That's how we made it to Kuyalnik! It was like a Fellini film—like 8½! In that film, the [main] character goes to take the waters and all this stuff happens. There are all these people covered in mud while having a picnic, then there's these ladies floating in the water. It was just this completely dreamy, bizarre place. I was like, okay, I need to photograph here, obviously.

That trip was my introduction to all the amazing, strange secrets Odesa has that aren't immediately in your face. My first discovery of the beginning of my love affair with the city. Then I came back with my family in 2015. I got in touch with you before I came and said, ‘Listen, I really want to start a new project—will you help me? Can you produce with me and help me figure stuff out?’

Be your guide, essentially.

Be my guide! It turned into so much more than just a guide, though, because we became such close friends. You became such an important part of my life, and now, you're like my little sister and it turned into a beautiful friendship. All of our amazing adventures. Getting in your car every day and just going and going –

– for hours and hours.

Literally for 14 hours a day!

When I look back at the photographs, the beautiful thing is that I saw everything with so much love. I still see everything with so much love when I look at the pictures now, and I hope that translates.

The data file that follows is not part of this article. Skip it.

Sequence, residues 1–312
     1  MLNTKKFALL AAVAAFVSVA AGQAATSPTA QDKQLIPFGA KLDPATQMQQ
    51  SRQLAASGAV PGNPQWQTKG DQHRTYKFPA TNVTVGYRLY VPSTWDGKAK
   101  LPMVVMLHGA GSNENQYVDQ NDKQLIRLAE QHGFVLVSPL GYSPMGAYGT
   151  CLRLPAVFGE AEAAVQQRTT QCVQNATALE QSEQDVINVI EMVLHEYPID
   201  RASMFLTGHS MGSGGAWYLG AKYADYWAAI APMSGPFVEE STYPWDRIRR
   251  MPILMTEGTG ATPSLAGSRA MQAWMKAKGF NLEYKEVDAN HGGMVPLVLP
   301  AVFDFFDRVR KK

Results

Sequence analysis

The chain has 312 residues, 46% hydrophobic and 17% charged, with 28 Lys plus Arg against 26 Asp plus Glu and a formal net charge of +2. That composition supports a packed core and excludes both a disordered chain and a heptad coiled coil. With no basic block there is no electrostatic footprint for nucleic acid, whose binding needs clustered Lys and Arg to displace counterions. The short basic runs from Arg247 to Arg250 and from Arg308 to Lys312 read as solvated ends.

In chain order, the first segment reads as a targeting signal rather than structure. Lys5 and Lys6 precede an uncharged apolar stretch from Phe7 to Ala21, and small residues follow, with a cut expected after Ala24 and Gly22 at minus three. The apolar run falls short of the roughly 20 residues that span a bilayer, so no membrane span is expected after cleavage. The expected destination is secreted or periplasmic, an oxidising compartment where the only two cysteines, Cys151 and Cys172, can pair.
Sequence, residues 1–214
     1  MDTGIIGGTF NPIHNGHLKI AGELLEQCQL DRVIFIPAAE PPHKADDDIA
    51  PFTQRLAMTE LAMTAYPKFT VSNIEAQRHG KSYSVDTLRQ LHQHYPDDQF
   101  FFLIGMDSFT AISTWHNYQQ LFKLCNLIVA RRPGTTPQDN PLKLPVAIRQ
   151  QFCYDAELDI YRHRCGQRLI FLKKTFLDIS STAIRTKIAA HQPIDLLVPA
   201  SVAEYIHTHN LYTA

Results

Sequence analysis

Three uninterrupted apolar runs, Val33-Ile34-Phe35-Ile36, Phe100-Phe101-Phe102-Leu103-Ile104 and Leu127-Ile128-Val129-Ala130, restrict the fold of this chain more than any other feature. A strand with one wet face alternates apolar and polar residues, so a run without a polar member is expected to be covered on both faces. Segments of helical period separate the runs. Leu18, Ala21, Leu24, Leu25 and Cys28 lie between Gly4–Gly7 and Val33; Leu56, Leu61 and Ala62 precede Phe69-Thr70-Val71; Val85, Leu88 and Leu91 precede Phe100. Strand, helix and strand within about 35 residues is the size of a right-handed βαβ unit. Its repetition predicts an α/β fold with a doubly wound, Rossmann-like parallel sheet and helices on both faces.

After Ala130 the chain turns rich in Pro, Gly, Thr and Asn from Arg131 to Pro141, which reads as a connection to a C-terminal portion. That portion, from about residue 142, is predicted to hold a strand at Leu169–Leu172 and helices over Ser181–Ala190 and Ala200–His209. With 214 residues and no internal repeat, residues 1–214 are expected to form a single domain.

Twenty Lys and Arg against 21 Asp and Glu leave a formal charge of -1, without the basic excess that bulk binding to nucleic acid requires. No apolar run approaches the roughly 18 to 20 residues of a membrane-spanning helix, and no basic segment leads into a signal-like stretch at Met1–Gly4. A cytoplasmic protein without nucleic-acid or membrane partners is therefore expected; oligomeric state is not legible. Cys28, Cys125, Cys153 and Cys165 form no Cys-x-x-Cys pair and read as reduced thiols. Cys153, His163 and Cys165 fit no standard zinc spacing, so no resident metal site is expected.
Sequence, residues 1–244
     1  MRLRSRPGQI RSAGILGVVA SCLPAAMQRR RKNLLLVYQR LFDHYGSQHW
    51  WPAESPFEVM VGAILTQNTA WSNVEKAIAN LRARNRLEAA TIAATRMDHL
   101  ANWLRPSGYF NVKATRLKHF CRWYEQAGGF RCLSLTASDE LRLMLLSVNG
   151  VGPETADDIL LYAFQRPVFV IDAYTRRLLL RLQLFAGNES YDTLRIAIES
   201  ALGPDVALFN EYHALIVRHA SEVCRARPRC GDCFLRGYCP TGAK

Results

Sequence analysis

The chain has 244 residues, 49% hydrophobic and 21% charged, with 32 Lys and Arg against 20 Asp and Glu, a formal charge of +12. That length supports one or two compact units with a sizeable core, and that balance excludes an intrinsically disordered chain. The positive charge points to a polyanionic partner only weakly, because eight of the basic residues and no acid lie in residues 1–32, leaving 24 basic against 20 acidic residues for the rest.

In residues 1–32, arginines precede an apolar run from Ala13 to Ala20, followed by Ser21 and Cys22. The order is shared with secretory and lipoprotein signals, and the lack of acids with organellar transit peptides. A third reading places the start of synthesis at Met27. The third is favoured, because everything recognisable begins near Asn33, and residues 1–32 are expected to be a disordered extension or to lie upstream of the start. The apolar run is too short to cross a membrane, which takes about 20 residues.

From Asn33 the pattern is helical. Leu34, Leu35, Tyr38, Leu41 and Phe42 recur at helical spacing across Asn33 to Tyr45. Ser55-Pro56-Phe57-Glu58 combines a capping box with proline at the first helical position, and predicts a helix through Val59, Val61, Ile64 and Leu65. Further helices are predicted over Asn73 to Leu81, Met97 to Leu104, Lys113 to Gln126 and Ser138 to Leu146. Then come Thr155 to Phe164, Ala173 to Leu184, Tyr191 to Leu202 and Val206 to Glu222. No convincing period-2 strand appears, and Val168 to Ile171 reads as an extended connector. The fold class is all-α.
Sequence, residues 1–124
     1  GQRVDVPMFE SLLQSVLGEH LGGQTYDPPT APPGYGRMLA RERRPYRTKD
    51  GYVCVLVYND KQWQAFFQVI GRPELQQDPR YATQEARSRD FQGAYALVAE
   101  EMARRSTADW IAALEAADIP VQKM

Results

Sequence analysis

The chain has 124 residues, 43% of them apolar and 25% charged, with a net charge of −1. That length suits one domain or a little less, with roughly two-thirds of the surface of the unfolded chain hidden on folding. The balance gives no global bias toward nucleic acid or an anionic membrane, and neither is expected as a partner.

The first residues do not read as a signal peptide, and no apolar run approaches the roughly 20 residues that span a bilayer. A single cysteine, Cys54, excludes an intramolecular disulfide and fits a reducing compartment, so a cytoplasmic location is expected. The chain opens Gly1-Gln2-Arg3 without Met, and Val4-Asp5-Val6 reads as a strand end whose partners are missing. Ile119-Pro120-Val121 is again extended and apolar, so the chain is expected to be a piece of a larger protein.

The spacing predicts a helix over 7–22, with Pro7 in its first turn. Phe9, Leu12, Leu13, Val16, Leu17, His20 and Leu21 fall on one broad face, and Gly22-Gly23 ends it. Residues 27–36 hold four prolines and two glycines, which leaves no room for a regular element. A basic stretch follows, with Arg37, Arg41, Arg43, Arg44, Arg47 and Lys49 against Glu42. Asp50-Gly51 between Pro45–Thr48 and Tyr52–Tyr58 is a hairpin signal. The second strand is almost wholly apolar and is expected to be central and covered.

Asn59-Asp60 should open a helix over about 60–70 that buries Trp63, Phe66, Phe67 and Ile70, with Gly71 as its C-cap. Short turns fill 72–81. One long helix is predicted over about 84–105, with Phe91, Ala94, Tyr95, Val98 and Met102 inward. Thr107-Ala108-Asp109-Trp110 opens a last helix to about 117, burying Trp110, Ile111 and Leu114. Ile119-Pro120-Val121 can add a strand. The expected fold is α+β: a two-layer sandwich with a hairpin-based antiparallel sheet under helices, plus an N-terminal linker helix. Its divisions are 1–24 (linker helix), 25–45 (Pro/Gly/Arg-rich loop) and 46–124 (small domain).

That time, in 2016, was the beginning of an amazing journey we went on together, and now it's a book. When I look at the images now, I have so many incredible memories of the people we met. Many of them have become friends, and so many other people and places really touched me. It's very emotional to talk about it right now. I never imagined we would be having to talk about this under the circumstances of a raging war happening there right now.


Photography by Yelena Yemchuk

Odesa being bombed with the maximum number of rockets ever for the last few days is crazy to think about. I remember the article that I wrote about you after we met because I was so impressed by your connection to the city. I gave it the headline "Eyes of Love" because I instantly felt you looked at Odesa with eyes of love.

In many ways, our journey and experience together taught me to look at Odesa with those eyes, too. It's a natural thing when you grow up in a city that you get a little jaded or pissed at it, like you might with your family, or people or situations close to you. We tend to get tired and not fully appreciate things in our lives, sometimes. I think you helped me rediscover Odesa for myself. Especially now, it’s gotten so much more special. I think that we've been sad and pissed for a few years, though, because you weren't able to publish it as quickly as we’d hoped.

The book was supposed to come out in 2019 but didn't for various Covid-19 reasons. The publisher I was working with kind of retired, so I had to start basically from scratch during 2020 to find somebody else to work with. In the meantime, I ended up publishing a whole other body of work, which goes back to Kuyalnik, which is the project that I've been working on for a long time, called Mabel, Betty and Bette. In the process of shooting the Odesa book, I met the most incredible lady who is one of my heroes, Anichka.